Vaginal discharge is not a common or normal occurrence in rabbits, and is normally taken to be a sign of infection or illness. Vaginal discharge includes any substance that comes from the vulvar labia, or vaginal area, including fresh blood or blood tinged fluid. Vaginal discharge is almost always considered abnormal, except in cases where the rabbit is discharging postpartum fluids -- the fluids that leave the uterus after birth.
Symptoms and Types
The signs, symptoms and types of vaginal discharge vary from rabbit to rabbit and may vary according to the sexual status of the rabbit. Those that are sexually active are more at risk for vaginal discharge. Older rabbits are also more at risk.
Common symptoms and signs include:
- Blood in the urine - although this is a misconception, since blood does not actually originate in the urinary tract but actually originates in the uterus
- Spotting, which is usually tinged with blood
- Discharge that may stick to the fur of the perineum or around the anus of the rabbit
- Enlarged uterus which may be easily felt on physical examination
- Enlarged mammary glands, either one or both
- Depression and lethargy
- Inability to eat or lack of interest in eating
- Nesting activities
- Increasing aggressive tendencies
- Pale mucous membranes
The causes for vaginal discharge may include:
- Uterine cancer, or adenocarcinoma, among the most common causes for vaginal discharge
- Other disorders of the endometrium or lining of the uterus, including tissue overgrowth
- Trauma to the vagina
- Urinary tract infection, which is unusual
- Vaginitis (inflammation of the vagina)
To diagnose the condition, your veterinarian will gather a specimen sample of the urine to distinguish blood in the urine from blood expelled from the uterus. Other exams will include ruling out uterine adenocarcinoma (cancer). Ultrasound can be used to examine the uterus and surrounding reproductive organs, and radiography will help your veterinarian to detect any masses in the uterus and help measure the size of the uterus to determine if it is abnormal in any way. Pregnancy can also be ruled out during the course of these diagnostic checks.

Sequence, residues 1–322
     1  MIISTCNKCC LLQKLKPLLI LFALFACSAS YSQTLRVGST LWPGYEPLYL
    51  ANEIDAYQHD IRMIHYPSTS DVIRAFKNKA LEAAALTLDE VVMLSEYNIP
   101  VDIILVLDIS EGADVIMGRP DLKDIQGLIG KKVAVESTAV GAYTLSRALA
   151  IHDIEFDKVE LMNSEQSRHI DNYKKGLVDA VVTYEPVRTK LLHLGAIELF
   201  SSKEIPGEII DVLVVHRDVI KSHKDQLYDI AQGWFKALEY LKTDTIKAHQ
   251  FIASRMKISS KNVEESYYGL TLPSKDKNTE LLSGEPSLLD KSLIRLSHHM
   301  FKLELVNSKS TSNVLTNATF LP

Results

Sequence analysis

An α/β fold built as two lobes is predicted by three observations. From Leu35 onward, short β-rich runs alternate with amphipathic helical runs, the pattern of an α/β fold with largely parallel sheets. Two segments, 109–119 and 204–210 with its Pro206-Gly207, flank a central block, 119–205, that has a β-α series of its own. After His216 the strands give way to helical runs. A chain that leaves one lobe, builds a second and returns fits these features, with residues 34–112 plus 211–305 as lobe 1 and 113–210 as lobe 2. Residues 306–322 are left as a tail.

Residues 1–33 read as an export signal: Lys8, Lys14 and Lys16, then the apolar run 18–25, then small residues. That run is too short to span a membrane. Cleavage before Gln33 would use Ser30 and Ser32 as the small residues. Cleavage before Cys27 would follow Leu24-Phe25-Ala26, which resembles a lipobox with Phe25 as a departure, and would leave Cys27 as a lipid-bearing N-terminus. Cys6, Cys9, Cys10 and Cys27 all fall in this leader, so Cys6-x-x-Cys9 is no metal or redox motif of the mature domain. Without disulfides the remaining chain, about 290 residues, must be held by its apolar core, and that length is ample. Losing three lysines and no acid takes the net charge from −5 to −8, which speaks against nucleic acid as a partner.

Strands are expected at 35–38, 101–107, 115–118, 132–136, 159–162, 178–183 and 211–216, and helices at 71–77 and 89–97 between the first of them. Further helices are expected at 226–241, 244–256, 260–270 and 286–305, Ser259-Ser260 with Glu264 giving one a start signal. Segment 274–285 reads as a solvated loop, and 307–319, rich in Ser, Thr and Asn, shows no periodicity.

A culture will help rule out any bacteria infections, and will help assess the health of the vaginal flora – the collection of healthy bacteria, fungi, and microorganisms that normally live within the vaginal canal. An imbalance of the vaginal flora will be indicative of yeast overgrowth and other common fungal infections.
Common treatments are typically aimed at treating the cause for the vaginal discharge. In cases of uterine adenocarcinoma, the internal reproductive organs may require complete removal, also known as a hysterectomy. Often, uterine disorders can increase the risk for hemorrhage in the uterus, which can be life-threatening. Blood transfusions are also sometimes necessary.
To control bacterial infections, antibiotics may be used. However, they are recommended on a case-by-case basis, as they can sometimes proove fatal. Be sure to consult with a veterinarian before medicating your pet.
Living and Management
Complications associated with treatment may include blood infections, and adhesions or tissue growths in the abdomen. Some rabbits may also experience internal hemorrhaging. Overall, however, the prognosis is good for rabbits receiving an ovariohysterectomy in a timely fashion. For this reason, prompt treatment is the best course of action if your rabbit is in the early stage of vaginal discharge. Be sure to seek prompt care and follow up care for the best possible outcome.
Featured Image: iStock.com/FatCamera
Help us make PetMD better
Was this article helpful?